I remain somewhat wary of the NHL's realignment system.
Believe me, I'm all for keeping rivalries strong, and emphasizing division play further, but I have a little trouble with how it extends to the postseason. We can all agree that the Stanley Cup Playoffs, along with March Madness and the World Cup, is the best sports tournament there is. It's why we love this silly game in the first place, for the chance to watch grown men skate with a giant trophy that none of them can keep.
But I wonder if we're artificially changing the nature of the postseason with this new format.
Here's how the playoffs would look if we started them today. Yes, it's very silly to do this after a dozen games, but just look at this for an example:
Detroit (WC2) vs. Toronto (A1/E1)
Tampa Bay (A3) vs. Boston (A2)
Montreal (WC1) vs. Pittsburgh (M1/E2)
NY Islanders (M3) vs. Carolina (M2)
Phoenix (WC1) vs. Colorado (C1/W2)
St. Louis (C3) vs. Chicago (C2)
Los Angeles (WC2) vs. San Jose (P1/W1)
Vancouver (P3) vs. Anaheim (P2)
I'm certain that there's many who will argue that it wouldn't be fair if the Wild Card system wasn't in place. The fourth place team in the Metropolitan Division (right now, Columbus) will almost certainly be worse than the fifth place team in the Atlantic Division (currently, Detroit), so why should the former get in place instead of the latter?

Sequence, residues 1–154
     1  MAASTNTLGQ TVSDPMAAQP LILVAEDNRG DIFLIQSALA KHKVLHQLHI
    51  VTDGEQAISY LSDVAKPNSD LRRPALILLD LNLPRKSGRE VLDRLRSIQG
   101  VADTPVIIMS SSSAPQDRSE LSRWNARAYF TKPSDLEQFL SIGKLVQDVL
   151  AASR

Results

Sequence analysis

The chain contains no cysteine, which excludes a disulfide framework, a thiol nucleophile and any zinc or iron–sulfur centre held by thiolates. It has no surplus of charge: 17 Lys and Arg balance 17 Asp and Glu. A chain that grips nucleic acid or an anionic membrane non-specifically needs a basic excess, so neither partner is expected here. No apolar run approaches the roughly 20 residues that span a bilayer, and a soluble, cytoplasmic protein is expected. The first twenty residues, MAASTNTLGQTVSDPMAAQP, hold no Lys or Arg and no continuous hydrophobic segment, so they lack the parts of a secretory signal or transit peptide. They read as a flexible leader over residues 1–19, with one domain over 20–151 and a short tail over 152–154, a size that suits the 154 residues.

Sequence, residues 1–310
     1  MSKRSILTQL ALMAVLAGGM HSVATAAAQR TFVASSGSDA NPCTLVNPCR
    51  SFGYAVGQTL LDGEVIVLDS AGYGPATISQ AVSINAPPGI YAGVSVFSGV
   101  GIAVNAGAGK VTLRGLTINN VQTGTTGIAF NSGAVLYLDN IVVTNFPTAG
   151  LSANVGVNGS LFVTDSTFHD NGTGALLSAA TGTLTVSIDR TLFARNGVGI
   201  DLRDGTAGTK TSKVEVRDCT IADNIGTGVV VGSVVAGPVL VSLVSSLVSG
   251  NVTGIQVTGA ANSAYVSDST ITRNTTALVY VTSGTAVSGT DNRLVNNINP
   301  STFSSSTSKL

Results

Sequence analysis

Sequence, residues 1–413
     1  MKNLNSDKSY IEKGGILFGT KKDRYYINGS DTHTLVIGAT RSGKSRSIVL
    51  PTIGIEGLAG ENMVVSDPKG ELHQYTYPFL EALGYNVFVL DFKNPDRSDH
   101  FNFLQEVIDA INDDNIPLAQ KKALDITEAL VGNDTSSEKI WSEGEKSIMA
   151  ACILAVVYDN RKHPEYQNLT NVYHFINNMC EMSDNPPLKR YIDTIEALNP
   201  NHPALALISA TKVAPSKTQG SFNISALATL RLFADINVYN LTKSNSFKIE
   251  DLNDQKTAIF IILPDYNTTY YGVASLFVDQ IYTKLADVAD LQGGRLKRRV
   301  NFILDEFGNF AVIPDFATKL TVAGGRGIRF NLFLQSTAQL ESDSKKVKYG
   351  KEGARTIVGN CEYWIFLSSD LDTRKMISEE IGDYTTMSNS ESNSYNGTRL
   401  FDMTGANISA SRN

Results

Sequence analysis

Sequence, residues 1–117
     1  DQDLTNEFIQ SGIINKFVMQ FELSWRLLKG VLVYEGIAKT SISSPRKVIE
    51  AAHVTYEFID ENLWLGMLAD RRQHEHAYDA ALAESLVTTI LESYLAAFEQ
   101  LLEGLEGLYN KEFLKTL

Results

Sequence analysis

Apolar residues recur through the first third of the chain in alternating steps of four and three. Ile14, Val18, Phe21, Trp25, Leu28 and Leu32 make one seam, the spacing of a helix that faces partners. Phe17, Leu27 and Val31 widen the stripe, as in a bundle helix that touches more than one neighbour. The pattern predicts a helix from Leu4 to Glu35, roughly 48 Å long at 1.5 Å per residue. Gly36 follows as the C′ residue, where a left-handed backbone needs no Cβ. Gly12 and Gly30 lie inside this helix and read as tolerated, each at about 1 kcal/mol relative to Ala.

Because, if we're supposed to be emphasizing division play, that's what you have to do. If the Rangers are going to see the Bruins fewer times than they're going to see the Hurricanes, why should they be judged on their quality vs. both, rather than just the Hurricanes?
If anything, the NHL needs to further emphasize divisional play. It would cut down on the bummer out-of-conference games (Florida or Phoenix vs. almost anyone) that get played every year, and make the big market ones that actually mean something (Basically any quality East team vs. Chicago) more highly sought after tickets and likely more highly rated on television.
There's probably not going to ever be a perfect system that makes people happy. But, on the premise that the National Hockey League prefers to emphasize divisional rivalries with a divisional playoff format, they need to stick to their guns. They need to find a way to make for more divisional play (preferably weighting out-of-division, yet in conference the same as they do out-of-conference matches) and a full commitment to the divisional playoffs.
Choosing to do so will make the postseason more heated, make the regular season more chaotic, and creating passion and anger in fans. Why the NHL is choosing to try and have it both ways is beyond me.